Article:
eng112 100830 Homework

Posted in eng112 by bnmng on 2010 08/30

ENG 111 Homework for Wednesday, September 1 2010-08-30
Benjamin Goldberg
Yes, although not necessarily “our species” but any other creature capable of marveling at the world’s diversity. Should Humans succeed in wiping ourselves out, we may eventually be replaced by another. In the absence of any such appreciative being and in the absence of any possibility that such a creature might appear, than there would be no value to preserving biodiversity. Cave’s position is hard to discern because he qualifies every statement with counterpoint and can’t seem to come to a conclusion about anything. I think that if he came to a decision about what he believes, he would decide that without anyone to appreciate or benefit from the existence of a certain species, than there would be no reason for that species to exist.

A species is not a living entity. It is a group of separate individuals. Although we often refer to the opinion of a group, (ie the “Democrats believe this, Republicans say that”) it is just shorthand for the majority, or an agreed upon representation, of that group. The group itself is not an entity. In this case, Cave merely assumes the obvious, which is that all members of a species are not linked by some Star Wars like “force” which gives the species a separate life of its own.

This essay provides almost no information that can be used in a decision about saving the Jerboa. Without knowing what the cause of the Jerboa’s endangerment is, and without knowing what value the Jerboa has humans, it is impossible to profess an intelligent opinion.
As a philosophical exercise, it might be valuable to explore the question of whether or not humans should be concerned about saving a species with no known or likely value to us and is endangered due to no fault of our own. In that case, there is no reason we should be concerned beyond a mild interest. Species appear and disappear. It is not our responsibility to save every species and we will likely do more harm than good if we try.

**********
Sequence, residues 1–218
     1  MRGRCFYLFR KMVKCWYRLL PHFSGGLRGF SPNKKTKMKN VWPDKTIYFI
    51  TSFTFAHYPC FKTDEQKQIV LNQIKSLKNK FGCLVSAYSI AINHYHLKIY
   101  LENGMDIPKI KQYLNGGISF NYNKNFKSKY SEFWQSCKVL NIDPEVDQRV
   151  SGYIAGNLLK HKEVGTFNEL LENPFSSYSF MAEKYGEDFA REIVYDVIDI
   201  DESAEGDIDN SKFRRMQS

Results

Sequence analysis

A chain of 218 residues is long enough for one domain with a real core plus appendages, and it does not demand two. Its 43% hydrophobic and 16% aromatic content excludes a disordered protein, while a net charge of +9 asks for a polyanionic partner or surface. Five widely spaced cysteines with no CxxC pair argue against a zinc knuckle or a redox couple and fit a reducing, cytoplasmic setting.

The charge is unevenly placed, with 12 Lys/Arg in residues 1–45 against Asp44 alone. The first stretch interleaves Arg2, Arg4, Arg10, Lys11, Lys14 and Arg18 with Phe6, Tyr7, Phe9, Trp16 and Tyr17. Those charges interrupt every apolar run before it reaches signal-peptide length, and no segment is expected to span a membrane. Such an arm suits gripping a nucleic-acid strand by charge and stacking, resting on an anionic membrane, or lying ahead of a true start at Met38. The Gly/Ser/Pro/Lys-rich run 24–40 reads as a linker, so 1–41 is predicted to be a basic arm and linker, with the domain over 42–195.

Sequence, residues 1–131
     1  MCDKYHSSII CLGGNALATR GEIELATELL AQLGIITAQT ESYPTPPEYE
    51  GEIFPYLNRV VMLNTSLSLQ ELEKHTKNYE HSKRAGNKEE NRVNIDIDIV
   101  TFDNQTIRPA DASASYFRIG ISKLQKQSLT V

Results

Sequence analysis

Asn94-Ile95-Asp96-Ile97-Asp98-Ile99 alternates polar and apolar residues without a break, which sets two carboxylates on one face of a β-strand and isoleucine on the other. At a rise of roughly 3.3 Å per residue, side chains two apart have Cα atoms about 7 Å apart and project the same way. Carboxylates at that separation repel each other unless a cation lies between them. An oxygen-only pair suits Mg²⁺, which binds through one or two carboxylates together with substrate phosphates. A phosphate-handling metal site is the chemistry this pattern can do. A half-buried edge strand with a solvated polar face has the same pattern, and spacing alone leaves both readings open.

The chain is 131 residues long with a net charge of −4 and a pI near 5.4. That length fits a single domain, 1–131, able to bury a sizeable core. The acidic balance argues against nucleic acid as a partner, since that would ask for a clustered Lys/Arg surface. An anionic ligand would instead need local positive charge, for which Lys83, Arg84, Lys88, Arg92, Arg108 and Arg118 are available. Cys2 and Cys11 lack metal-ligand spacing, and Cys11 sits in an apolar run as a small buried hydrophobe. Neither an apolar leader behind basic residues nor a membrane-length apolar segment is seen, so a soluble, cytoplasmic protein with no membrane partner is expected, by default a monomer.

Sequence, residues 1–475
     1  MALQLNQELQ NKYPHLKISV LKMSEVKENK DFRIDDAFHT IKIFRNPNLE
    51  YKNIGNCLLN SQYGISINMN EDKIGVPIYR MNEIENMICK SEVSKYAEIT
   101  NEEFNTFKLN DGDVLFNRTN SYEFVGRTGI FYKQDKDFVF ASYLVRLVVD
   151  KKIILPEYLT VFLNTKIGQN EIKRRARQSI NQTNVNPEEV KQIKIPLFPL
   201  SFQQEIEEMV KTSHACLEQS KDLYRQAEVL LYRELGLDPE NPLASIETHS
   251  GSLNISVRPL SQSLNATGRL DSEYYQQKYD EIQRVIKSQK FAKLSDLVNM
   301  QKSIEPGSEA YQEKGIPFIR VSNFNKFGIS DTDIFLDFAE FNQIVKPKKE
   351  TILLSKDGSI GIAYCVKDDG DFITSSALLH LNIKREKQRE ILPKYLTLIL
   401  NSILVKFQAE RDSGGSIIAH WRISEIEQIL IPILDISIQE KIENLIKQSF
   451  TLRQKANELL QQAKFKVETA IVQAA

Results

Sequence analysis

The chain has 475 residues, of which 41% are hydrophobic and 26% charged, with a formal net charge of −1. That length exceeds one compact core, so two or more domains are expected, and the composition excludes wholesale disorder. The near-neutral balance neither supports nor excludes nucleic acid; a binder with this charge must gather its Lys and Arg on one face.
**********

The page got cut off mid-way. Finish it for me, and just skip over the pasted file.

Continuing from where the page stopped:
Similarly, even if we are responsible for the destruction of a species, that has no value to us, I would caution against trying to save that species as well. The danger in this case is not in losing a valueless species, but in missing the value of a species that we deem worthless. To some extent, all species have some value because they add to the diversity of our world. Whenever we discover that our actions have endangered a species, we should see that as a diminishment of the world’s diversity. In some cases, it may be inevitable. Human activity exists, and even if we are careful and concerned, we will cause some damage. In each case, the effort to mitigate that damage must be weighed against the advantages of the activity which is causing that damage.
Although Mr. Cave deliberately leaves out the cause of the Jerboa’s endangerment, the jerboa is endangered, in part, by human activity. While there are no known tangible benefits that the jerboa provides, it is an adorable creature and it’s nice to know that such a thing exists and that is possible to occasionally see pictures and read stories about it. For these reasons, I am mildly concerned for the jerboa. I would, perhaps, donate a small amount of money to an organization committed to its survival. There are also other reasons for concern. Lessening and compensating for the environmental damage that humans cause, is good for a multitude of species including our own. So saving the jerboa means saving many things. It is therefore worth doing so.

The damage that we have caused in the last hundred years has outweighed the good, but the communication and information technology that has appeared in the last thirty years will pave the way to make things better than they ever were. A more obvious example of how information and communications technology provides hope for the future despite the fact that our destructive habits have caused more harm than good is war. War has been a part of all of human history, and with each generation our ability to cause damage increases. But television played a part in ending the Vietnam war. For the first time, citizens of the world became intimately familiar with the details of war, and many people, who otherwise would have ignored it, found it too hard to do so. Technology gives us the means to exchange information and ideas. We are, for the most part, a moral and righteous species even though we are prone to and capable of horrific acts. We are in danger of destroying everything we know, but we also have the means to prevent ourselves from doing so. I have faith in us.


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